Further information, including exact site directions, can be obtained from either: The Warlord of the Principality of the Mists -- Sir William the Lucky (contact info omitted); Sir Steven MacEanruig (contact info omitted); or Sir Lorin Sur La Roche (contact info omitted); The Champion/Captain of Caid: Sir Mary of Uffington (contact info omitted); or the Seneschal of Tarnmist: Lord Colin de Wyndmere (contact info omitted).

From The Page (September, 1978):

THE CRUSADE TO RESCUE THE KING AND QUEEN OF THE WEST FROM CAID: In the cold grey dawn, we packed our armor and began the journey to the Shire of Tarnmist, where war was breaking out that day.

Caid, in it scunning, had become a separate kingdom, thus taking the King and Queen of the West as captives. The Warlord of the Mists reacted to this outrage by raising an army to free Their Majesties.

It seemed as good an excuse for a war as any: we'd fight to rescue their Majesties! we'd fight for honor! for glory! for anything else we could think of! (Has apple pie been invented yet?)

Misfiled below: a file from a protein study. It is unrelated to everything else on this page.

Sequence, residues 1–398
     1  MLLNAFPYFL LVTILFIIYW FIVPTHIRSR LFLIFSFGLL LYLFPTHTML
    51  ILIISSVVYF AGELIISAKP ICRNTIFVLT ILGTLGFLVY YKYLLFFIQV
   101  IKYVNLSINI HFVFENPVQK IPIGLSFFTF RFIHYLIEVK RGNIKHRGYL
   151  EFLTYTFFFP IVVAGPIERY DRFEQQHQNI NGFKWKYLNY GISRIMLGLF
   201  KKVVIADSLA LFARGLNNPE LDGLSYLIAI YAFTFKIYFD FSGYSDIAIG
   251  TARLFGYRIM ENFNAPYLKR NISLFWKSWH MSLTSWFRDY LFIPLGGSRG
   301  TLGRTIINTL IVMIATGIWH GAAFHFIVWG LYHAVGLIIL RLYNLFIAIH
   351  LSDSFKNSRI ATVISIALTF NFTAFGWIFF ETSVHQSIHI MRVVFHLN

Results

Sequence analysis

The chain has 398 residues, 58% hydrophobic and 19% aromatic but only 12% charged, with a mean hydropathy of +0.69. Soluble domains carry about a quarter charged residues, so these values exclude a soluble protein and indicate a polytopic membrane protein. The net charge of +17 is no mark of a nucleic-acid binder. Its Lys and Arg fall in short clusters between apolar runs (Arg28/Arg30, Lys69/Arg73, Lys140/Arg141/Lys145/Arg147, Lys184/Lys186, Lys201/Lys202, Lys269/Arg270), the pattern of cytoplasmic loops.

With the sun rising high in the sky, fighters assembled to sign waivers and choose their sides. There were approximately forty fighters for the West and fifty for Caid.

As the armies marshalled about their leaders, we surveyed the battlefield: flat and treeless. We could forget about using terrain as part of our strategy.

I armed up for my first war with a feeling of anticipation. Proudly, I donned the tabbard of Dom Ostrov, previously worn only for the ceremonies and revels of my household: I hoped to bring it glory in combat that day. On the front and back of my helmet, red tape was attached, and a red ribbon tied to my belt, all to identify me as a soldier of the West, and to symbolize the fire of our Grand Crusade and the justice of our Cause.

"Isn't green our color?" someone asked. We ignored him.